And you know, I want to be, you know, really clear about that because when you're on the outside, it's very easy to, you know, label a group of, you know, a, quote, unquote, "gang" as criminal. But you know, when you live in the neighborhood, these are people who you see, who you talk to. I mean, everything does not always come to violence. You can negotiate things, you know? There are ways of, you know, dealing with folks. And I talk about that a little bit in the book. And the police were, in that respect, very much the same way. Just like there's a - you know, there's certain rules for how you deal with, you know, a certain crew that lives in a certain place, the police have certain rules for how you negotiate them, too, if you want to avoid violence.
GROSS: Did you ever see the police as possibly protecting you from violent forces within your own neighborhood?
COATES: Yes, I did. But I also saw the crews the same way, you know? (Laughter) That's the interesting thing. I saw many, you know, of my friends who would be labeled as criminals in the same way. The question, you know, for me was, when do you call what? You know what I mean? So if somebody breaks into your house, you would call the police. Again, I don't want to, you know, be overly cynical here. You would call the police.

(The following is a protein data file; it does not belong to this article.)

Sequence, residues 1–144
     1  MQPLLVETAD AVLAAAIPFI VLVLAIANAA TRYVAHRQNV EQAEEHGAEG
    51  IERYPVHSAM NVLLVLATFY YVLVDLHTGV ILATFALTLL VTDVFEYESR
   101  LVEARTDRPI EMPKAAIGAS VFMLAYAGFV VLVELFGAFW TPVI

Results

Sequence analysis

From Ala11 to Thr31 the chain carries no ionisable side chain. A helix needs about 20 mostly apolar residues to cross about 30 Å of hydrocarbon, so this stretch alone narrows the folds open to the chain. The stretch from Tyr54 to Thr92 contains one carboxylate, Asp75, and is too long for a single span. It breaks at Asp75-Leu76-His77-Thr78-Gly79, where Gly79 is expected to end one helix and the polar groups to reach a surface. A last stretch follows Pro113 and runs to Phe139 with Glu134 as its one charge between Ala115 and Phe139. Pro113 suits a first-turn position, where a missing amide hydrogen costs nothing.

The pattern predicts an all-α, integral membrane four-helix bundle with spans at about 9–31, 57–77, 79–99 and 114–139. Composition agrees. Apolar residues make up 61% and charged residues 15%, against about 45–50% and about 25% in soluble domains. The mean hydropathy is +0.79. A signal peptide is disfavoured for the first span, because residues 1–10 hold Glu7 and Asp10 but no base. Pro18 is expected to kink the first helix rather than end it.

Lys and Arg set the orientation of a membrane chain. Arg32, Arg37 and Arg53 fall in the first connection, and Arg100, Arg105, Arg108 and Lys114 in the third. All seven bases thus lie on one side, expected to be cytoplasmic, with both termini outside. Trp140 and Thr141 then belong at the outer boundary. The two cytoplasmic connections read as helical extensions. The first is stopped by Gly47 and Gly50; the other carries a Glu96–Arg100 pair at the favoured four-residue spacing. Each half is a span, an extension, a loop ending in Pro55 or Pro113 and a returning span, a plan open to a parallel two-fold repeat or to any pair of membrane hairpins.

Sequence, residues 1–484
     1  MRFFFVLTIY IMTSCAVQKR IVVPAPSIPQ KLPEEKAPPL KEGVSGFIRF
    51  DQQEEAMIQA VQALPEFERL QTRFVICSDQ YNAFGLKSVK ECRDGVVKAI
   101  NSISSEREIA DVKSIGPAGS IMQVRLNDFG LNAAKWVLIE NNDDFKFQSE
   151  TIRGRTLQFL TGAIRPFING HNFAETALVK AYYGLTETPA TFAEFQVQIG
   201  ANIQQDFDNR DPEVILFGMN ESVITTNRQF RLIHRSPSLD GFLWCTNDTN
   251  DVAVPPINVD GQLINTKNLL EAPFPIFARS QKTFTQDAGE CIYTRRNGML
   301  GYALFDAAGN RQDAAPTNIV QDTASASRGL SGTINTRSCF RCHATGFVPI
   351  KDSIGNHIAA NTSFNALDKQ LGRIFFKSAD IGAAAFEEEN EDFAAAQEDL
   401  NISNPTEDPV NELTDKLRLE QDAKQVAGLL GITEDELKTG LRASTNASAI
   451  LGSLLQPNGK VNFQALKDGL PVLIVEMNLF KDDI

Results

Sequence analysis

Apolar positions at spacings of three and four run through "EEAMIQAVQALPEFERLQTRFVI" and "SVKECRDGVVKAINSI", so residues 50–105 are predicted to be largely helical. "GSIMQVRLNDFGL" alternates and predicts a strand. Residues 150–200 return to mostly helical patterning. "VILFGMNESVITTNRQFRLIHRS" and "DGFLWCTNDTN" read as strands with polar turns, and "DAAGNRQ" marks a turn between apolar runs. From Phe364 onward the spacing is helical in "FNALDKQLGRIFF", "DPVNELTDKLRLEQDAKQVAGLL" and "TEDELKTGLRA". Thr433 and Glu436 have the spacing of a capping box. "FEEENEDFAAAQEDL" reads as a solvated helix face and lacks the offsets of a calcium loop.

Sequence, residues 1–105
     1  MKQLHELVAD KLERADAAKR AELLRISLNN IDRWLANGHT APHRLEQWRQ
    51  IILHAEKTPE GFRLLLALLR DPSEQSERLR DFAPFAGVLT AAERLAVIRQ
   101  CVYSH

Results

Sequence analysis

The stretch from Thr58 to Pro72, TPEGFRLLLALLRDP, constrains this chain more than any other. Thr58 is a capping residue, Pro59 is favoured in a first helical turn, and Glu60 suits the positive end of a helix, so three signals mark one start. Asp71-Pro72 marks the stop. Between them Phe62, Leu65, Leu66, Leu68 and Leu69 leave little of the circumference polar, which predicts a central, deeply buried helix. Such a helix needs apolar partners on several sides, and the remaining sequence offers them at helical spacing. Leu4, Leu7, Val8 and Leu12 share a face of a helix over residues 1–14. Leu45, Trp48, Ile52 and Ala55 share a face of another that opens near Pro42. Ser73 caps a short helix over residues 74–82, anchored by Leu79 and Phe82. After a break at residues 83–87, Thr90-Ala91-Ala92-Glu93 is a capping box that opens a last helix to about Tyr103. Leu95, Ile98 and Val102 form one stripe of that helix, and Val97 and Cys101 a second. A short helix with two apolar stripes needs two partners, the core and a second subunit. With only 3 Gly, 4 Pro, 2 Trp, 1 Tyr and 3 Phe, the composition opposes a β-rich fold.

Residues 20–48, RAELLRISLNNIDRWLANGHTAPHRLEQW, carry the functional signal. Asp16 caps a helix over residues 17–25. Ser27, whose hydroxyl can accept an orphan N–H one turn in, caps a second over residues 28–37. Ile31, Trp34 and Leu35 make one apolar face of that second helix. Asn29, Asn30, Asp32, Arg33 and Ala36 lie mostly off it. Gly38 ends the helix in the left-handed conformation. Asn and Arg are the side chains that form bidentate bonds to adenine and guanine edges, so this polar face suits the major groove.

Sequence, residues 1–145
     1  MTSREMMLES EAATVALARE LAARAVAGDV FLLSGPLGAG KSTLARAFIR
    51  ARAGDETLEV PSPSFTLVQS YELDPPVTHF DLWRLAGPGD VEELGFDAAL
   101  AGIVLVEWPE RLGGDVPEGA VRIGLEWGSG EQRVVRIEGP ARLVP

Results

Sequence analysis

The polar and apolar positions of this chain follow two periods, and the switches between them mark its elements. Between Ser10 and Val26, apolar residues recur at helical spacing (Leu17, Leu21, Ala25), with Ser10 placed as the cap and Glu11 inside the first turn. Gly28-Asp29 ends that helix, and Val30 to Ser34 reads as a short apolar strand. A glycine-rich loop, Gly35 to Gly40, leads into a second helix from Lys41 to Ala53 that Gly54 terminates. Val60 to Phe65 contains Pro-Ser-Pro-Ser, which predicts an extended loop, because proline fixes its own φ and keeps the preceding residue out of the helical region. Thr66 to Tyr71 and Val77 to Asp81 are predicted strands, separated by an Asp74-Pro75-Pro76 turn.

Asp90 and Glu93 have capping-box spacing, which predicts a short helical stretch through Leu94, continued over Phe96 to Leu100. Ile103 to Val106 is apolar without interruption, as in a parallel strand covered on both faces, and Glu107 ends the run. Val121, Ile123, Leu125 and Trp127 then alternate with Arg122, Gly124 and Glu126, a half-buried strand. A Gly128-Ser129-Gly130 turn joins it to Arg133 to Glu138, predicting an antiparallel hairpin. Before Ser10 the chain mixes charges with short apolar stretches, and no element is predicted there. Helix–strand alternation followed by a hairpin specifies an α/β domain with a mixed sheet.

But by the same token if, you know, you happen to be walking somewhere and five people jumped on you and, you know, did some degree of violence, you probably would not call the police. You might call, you know, some of your cousins or you might call some of your friends. So it really depended on what the case actually was.
GROSS: You had a college friend - you went to Howard University - a man named Prince Carmen Jones, who was shot and killed by a policeman. The policeman said it was in self-defense after Jones tried to run him over in his Jeep. And you and everyone who knew Prince Jones didn't believe that story. You write about this in your book. Tell us a little bit about him.
COATES: I went to college with Prince Jones. It's very funny because when you write, it becomes sort of abstract for a while. And then when people ask you about it, suddenly it becomes real again. I went to college with Prince Jones. We weren't, you know, best friends or great friends, but he was someone who I knew - who I, you know, spent time around, who I had, you know, just a great deal of affection for.